Family and Medical Leave Act of 1987
T-CRO-87-1: Published: Apr 2, 1987. Publicly Released: Apr 2, 1987.
- Full Report:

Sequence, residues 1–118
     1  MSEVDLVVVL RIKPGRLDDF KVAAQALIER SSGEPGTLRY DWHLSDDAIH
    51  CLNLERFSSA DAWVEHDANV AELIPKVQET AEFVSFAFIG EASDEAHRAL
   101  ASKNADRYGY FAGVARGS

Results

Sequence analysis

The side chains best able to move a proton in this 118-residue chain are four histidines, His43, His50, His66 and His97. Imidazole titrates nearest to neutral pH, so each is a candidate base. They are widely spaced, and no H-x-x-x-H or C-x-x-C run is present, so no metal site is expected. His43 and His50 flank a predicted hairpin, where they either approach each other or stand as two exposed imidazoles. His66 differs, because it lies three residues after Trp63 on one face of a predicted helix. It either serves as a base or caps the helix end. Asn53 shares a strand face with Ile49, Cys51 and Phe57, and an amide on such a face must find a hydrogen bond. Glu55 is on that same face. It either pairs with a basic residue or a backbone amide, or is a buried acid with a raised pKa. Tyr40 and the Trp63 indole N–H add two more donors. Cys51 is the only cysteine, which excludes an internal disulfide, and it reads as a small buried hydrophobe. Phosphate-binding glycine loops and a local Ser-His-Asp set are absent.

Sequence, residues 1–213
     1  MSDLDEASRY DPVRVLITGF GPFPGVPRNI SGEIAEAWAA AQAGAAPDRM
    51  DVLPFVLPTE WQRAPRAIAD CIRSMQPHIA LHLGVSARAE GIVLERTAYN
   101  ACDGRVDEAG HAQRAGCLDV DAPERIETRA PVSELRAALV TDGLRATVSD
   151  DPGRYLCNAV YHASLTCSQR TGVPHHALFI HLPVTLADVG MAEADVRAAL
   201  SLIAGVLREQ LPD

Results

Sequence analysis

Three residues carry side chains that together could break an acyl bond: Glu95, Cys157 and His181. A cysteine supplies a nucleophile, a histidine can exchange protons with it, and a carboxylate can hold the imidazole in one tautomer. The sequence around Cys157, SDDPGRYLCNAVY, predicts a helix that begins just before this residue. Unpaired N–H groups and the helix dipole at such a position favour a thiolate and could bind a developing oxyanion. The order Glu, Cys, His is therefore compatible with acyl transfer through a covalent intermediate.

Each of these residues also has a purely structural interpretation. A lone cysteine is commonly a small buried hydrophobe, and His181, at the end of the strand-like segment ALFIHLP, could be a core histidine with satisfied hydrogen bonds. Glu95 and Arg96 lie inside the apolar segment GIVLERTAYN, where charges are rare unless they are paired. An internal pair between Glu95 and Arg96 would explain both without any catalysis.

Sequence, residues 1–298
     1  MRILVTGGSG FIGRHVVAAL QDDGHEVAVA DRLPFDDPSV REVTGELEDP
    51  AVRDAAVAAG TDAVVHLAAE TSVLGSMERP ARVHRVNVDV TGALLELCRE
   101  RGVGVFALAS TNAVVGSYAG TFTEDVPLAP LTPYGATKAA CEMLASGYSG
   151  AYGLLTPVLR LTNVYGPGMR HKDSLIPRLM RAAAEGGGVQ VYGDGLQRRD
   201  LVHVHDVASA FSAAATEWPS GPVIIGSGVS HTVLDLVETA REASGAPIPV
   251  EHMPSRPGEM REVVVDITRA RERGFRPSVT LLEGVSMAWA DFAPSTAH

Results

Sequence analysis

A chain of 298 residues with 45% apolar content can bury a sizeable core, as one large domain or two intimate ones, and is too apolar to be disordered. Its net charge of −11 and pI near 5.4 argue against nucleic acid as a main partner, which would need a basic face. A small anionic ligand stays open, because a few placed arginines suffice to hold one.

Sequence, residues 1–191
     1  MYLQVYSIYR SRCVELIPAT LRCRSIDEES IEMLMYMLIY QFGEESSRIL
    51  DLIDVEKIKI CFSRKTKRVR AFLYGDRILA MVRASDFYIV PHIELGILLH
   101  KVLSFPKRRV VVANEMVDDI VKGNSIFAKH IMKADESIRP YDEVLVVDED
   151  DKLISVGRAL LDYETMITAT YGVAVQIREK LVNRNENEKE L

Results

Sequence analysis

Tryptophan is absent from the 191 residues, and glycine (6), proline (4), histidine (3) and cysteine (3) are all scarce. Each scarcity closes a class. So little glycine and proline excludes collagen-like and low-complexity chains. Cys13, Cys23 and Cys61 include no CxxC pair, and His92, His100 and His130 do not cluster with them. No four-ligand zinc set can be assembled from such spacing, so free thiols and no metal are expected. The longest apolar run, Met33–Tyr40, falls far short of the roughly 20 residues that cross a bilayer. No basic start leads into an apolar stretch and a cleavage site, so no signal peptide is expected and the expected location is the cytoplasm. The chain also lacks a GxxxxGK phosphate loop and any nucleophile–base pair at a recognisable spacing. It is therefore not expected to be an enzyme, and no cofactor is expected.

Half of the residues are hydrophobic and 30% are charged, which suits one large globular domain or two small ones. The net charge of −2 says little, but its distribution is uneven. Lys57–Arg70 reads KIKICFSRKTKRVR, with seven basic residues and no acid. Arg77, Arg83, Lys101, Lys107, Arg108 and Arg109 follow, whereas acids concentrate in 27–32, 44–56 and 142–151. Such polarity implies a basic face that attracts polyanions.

GAO discussed its parental leave policy and found that before 1982: (1) departmental heads had complete discretion to approve or disapprove requests for leave-without-pay; (2) the majority of expectant mothers used a combination of accrued or advanced annual or sick leave for maternal absences; (3) management sometimes based leave approval on how long it could spare an employee or whether the employee was a superior performer; and (4) in other cases, management set 90 days as its maximum unpaid maternity leave and routinely approved that amount regardless of other considerations. GAO revised its policy to give more recognition to the needs of new parents, by providing that: (1) employees may request and automatically receive up to 26 weeks of unpaid leave, in addition to any accrued annual leave, for infant care; (2) male employees may also request up to 26 weeks of unpaid leave, although leave cannot begin until after delivery; (3) adoptive parents are entitled to the same leave provisions as natural parents; and (4) employees are entitled to continued employment in the same or a comparable position upon return from parental leave. GAO concluded that, while there would be additional costs associated with unpaid leave, the parental leave policy would help attract and retain good employees who might otherwise resign.